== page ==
It would require fund managers to calculate the average number of units in issue on a daily basis over the year and divide that by the total costs. The IMA says this will give a decent approximation of all the costs, including broker fees and stamp duty, incurred. This could then be put into the context of the overall performance of the fund.

The IMA gives the following example of how the information could be presented:

“You held 3,456 units on January 1, 2012 with a value of £4,320.  On December 31, 2012, you held 5,140 units with a value of £6,939.

“For a unit held throughout the whole year, the price went from £1.25 to £1.35, a rise of 8 per cent. The total costs for a unit held throughout the year were approximately 2.5p per unit. The costs were equivalent to a quarter, or 25 per cent, of the growth in the value of a unit.”

How does this compare to the disclosure campaigns from the likes of the True and Fair Campaign?

The True and Fair Campaign was launched in February 2012 by former New Star chief investment officer Alan Miller and backed by his wealth management firm SCM Private.

It has been calling for a single figure encapsulating all the costs paid for by investors, including dealing costs and stamp duty, which are often not made clear to them. David Pitt-Watson also wrote an influential report last year calling for all investment costs to be set out to investors clearly on an annual basis.

The IMA’s plan should go a long way to addressing these concerns. The figures will be an average of fund costs over a year, rather than personalised to the investor’s holding period, but will offer a good indication of total costs.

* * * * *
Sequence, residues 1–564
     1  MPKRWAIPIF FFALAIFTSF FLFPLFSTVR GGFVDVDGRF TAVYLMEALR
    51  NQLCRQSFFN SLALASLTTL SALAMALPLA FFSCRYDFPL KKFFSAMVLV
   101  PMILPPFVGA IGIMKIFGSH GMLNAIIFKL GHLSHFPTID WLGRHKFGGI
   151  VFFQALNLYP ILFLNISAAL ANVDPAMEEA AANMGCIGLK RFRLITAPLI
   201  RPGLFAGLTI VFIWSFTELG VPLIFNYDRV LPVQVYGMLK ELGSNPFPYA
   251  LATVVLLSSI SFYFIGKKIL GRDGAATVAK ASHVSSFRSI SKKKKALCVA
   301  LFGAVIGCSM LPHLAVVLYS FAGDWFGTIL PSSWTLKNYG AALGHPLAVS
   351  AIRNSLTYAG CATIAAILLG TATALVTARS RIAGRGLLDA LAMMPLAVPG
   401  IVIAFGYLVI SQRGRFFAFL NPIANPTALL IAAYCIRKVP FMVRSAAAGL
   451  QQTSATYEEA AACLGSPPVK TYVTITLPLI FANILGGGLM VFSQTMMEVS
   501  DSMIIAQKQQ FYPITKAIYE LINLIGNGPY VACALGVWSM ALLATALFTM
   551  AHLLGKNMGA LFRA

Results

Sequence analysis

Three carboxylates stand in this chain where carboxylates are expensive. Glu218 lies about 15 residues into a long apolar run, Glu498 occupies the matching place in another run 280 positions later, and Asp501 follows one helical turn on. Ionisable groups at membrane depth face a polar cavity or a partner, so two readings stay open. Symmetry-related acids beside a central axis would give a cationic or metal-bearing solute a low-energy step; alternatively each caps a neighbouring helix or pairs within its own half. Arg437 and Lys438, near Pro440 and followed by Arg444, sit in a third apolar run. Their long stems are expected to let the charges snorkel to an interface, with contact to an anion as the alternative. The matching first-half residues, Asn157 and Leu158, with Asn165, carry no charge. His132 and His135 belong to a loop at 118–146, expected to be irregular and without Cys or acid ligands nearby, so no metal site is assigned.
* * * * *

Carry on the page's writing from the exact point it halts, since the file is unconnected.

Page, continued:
The figure will be historic, as costs change all the time, but then so were the proposals of Miller and Pitt-Watson. The IMA’s plans should also dove-tail with the ABI’s work on cost disclosure. Many pension firms have previously pointed to the fact they cannot offer a true cost figure to customers if the underlying fund group cannot supply such costs.

Are all fund groups likely to sign up to this new disclosure regime?

The IMA say they can’t put a figure on how many groups will sign up. The trade body says it is hopeful the majority of members will participate and points to the fact over 90 per cent of funds are signed up to the enhanced guidance on disclosure the IMA introduced last summer. The IMA hopes the new regime will be in place by the end of 2014.